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If you are earning an average annual income of $50,000, in 35 working years you will earn a total of $1.75 million in today’s dollars. If inflation averages 3%, this becomes $3 million. But how much are you likely to save? Some people may say, “If I earn more in future than what I get now, I will be fine.” But in reality, this is easier said than done.

Whether we earn $2,000 per month or $20,000 per month, we ALL have a problem with saving money. The more we earn, the more we tend to spend. People who have worked for at least a few years can testify to that. Some fresh graduates earn about $3,000 per month. Three years into the workforce, some of them draw as much as $5,000 to $6,000 per month. Guess what? They feel poorer than they first started out. This is naturally so when you have multiple credit card bills, a car loan to service, a family to support, gym membership fees and many other expenses.

Therefore, it is wise to do a monthly cash flow budget, so that you know where your money goes. It is perhaps the first step to finding the extra dollars for saving and investment.

2. Protect your family and yourself

Our government consistently sets aside 20% of national budget on defence. Without a doubt, protection is of utmost importance. Isn’t it only appropriate that we allocate 5% to 10% of our income to defend against untoward circumstances?

Once you have set aside an emergency fund of 3 to 6 months of your living expenses, you should get down to taking care of your protection needs. This essentially means insuring You, because You are your greatest asset. We should be buying as little insurance as you need. But for most people, these protection needs are quite a lot.

3. Live well below your means

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Being frugal is the fundamental of wealth building. Yet, too often, we have the false impression that all millionaires lead an extravagant lifestyle, which is exactly opposite from the truth! People whom I talk to who are financially carefree are usually living well below their income. They still pamper themselves with the occasional indulgence and frequent holidays. But trust me, these people do their sums.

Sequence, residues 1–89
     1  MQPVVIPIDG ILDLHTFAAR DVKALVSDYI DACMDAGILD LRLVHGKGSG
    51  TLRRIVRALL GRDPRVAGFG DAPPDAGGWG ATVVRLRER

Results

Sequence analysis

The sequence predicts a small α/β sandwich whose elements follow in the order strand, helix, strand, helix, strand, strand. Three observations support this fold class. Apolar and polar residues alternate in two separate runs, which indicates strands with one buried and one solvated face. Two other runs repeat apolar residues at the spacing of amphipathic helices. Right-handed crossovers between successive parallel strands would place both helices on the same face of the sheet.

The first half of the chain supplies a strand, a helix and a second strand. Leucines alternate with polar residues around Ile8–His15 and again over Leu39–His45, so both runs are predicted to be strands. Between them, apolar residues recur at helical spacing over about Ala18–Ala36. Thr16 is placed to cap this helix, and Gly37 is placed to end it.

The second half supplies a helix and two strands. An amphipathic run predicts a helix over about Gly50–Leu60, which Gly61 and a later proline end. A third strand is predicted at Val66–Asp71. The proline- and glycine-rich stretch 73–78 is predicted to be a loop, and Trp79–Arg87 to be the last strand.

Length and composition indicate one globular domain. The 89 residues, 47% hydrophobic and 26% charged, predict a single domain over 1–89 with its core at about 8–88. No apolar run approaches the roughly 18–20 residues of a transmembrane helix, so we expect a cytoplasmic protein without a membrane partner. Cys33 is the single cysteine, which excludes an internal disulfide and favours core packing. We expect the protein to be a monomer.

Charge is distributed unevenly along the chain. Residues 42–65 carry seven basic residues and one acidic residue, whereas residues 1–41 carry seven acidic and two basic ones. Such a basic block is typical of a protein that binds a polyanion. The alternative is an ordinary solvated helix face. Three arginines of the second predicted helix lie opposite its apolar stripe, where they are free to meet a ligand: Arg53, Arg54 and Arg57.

You should always discuss with your spouse on both your spending habits and hopefully arrive at a consensus. A couple cannot accumulate wealth if one of them is a spendthrift. Few can sustain lavish habits and simultaneously build wealth. Singaporeans generally build wealth by keeping a tight budget and controlling their expenses.

Remember, “The lower your lifestyle, the greater your true wealth”. How so? Say A earns $50,000 a year, spends $20,000 in a year and has $200,000 in saving. B earns $300,000 a year and spends $250,000 in a year and has $1.5m in saving. A is wealthier than B because if both of them lose their income, A can survive for 10 years based on his saving of $200,000 whereas B can only live for 6 years. Wealth is the duration your savings can last based on the lifestyle you are used to if you stop work now.

4. Don’t plan to save cash

Look at your monthly budget. You should have $600 left over every month and save $7,200 a year but where is the money? From my experience, Singaporean can’t save cash, or they simply save only to spend it all later. These folks faithfully put aside $600 every month, only to wipe it all off with a long December holiday. Some prefer to splurge on furniture and electronic gadgets, others on cars and home renovations. The money disappears naturally.

A typical Singaporean worker’s mindset is “I work so hard so I need to spend money to pamper myself.” Notice the logic, work hard and spend hard, work harder and spend harder. The only solution to this vicious cycle is to ensure that you have some form of disciplined and regular savings to help you set aside a certain percentage of your income every month.

Some practical tips are listed below:

  • Get yourself started in a profit participating insurance policy, variable life policy or “Buy Term and Invest the Difference”. Just get started on “something” and see it through!
  • Be persistent in setting aside at least 10-15% of your income every month; never waiver in this.
  • Immediately invest or allocate any unexpected windfall you receive, like a bigger than usual bonus. Chuck it away before you spend it away.